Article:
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It’s been nearly a week since our SXSW party with Berklee College of Music, and our heads are still spinning. Ten showcased bands, multiple solo acoustic performances on the side stage, and roughly 2,000 people under the tent at Brush Square Park — with an excessive number of drinks consumed and oysters eaten — all helped shape Boston & Beyond 2015 into one hell of a party. The afternoon showcased a wide variety of sounds coming out of not just Berklee but Boston as well, and in case you didn’t make the trip to Austin or catch the all-day broadcast on VanyaRadio, we compiled some of the highlights into one handy Soundclod compilation.
Check out visuals and sounds from each band below, and start making plans for 2016.
When you need a party started, call Joy Daniels. The magnetic Los Angeles-based r&b and neo-soul singer took on a noon-ish start time and got things peaking like a headliner in no time. Her vibrant mix of uplifting originals and reimagined covers (next time she shouldn’t announce Coldplay’s “Yellow” and see how long it takes for the crowd to figure it out) were a perfect way to kick off our event.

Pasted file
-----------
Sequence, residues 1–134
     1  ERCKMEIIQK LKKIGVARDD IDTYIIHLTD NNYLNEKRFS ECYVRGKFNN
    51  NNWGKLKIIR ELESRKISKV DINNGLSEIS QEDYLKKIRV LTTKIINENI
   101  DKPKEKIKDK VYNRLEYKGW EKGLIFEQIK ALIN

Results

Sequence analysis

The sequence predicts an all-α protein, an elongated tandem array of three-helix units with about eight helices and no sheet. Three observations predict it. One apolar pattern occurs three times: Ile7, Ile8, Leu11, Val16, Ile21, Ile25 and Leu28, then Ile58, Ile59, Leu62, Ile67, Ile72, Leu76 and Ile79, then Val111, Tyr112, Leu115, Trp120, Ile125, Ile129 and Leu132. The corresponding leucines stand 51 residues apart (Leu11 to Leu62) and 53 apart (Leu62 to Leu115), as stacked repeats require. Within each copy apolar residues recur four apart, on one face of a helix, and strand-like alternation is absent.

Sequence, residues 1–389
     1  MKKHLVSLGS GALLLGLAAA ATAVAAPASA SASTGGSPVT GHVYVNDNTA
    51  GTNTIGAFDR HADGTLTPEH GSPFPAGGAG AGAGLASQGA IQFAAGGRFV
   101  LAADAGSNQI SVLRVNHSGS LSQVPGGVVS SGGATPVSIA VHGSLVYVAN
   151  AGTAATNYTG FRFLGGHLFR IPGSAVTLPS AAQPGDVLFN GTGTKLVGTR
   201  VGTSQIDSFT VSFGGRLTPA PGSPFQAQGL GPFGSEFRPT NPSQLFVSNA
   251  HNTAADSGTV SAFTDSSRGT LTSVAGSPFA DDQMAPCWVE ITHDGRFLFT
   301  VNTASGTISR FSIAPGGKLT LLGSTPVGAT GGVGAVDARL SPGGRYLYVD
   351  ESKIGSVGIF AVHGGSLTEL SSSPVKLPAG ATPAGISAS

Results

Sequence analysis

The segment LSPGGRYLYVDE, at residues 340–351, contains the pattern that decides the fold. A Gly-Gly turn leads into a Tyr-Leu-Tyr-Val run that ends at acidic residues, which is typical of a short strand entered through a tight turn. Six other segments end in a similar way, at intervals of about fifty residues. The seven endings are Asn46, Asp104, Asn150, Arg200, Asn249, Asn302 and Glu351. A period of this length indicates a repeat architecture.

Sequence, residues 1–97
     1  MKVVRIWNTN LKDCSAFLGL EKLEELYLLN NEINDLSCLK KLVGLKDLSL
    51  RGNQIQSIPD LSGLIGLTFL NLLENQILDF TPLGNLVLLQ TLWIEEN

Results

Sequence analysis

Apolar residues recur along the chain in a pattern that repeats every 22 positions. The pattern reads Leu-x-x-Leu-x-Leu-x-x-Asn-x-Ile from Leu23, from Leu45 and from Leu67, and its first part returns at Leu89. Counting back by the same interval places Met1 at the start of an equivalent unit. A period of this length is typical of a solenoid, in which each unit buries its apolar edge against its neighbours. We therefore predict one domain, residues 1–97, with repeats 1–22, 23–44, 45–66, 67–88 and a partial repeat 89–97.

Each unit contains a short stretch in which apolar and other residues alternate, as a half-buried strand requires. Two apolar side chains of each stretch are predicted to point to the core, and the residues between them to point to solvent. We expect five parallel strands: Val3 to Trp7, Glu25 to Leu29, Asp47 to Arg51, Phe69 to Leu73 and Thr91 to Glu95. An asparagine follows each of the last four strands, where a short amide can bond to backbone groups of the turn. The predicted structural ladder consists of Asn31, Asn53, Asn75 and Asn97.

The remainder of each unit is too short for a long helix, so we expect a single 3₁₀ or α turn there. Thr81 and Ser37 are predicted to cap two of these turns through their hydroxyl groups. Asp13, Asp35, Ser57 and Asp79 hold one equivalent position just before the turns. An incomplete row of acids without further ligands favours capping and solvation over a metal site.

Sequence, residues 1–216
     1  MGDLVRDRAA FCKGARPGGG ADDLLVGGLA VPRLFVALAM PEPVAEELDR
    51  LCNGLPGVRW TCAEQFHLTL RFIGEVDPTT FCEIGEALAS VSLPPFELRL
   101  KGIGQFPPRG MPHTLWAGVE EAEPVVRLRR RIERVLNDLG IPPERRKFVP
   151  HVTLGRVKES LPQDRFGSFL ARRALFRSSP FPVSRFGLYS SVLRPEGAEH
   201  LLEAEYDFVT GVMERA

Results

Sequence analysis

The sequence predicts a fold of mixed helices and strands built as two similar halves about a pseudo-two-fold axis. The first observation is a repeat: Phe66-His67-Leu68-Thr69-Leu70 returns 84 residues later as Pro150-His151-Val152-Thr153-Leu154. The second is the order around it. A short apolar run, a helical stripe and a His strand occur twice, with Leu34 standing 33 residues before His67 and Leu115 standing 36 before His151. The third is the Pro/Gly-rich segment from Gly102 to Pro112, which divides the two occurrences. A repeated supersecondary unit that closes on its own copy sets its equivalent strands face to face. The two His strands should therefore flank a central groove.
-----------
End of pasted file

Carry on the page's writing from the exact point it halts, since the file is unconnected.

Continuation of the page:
Our friends at the Daily Beast say Avers were one of the undisputed winners at SXSW, and our time together only enforced that claim. The Richmond, Virginia, rock and roll crew are a throwback to the ’90s, when bands mattered, songs mattered, and albums mattered. Sometimes it gets psychedelic, sometimes it gets noisy, but in the end there’s reverb-drenched rock and roll fit for a variety of playlists. Sure, the drummer Tyler Williams is also part of indie folk band the Head and the Heart, but Avers are quickly crafting their own bit of notoriety.
In the 10 years or so that Berklee’s been hosting parties at SXSW, the amount of Austin acts could probably be counted on one hand. Yet this year there was a double-shot from the Texas capital, and it began with a probably-too-loud set from Hooka Hey. When looking at the final numbers who walked through the gates at Brush Square Park, no doubt a large percentage of people waltzed in because they could hear Hooka Hey’s polished-but-assertive brand of rock and roll from several blocks away.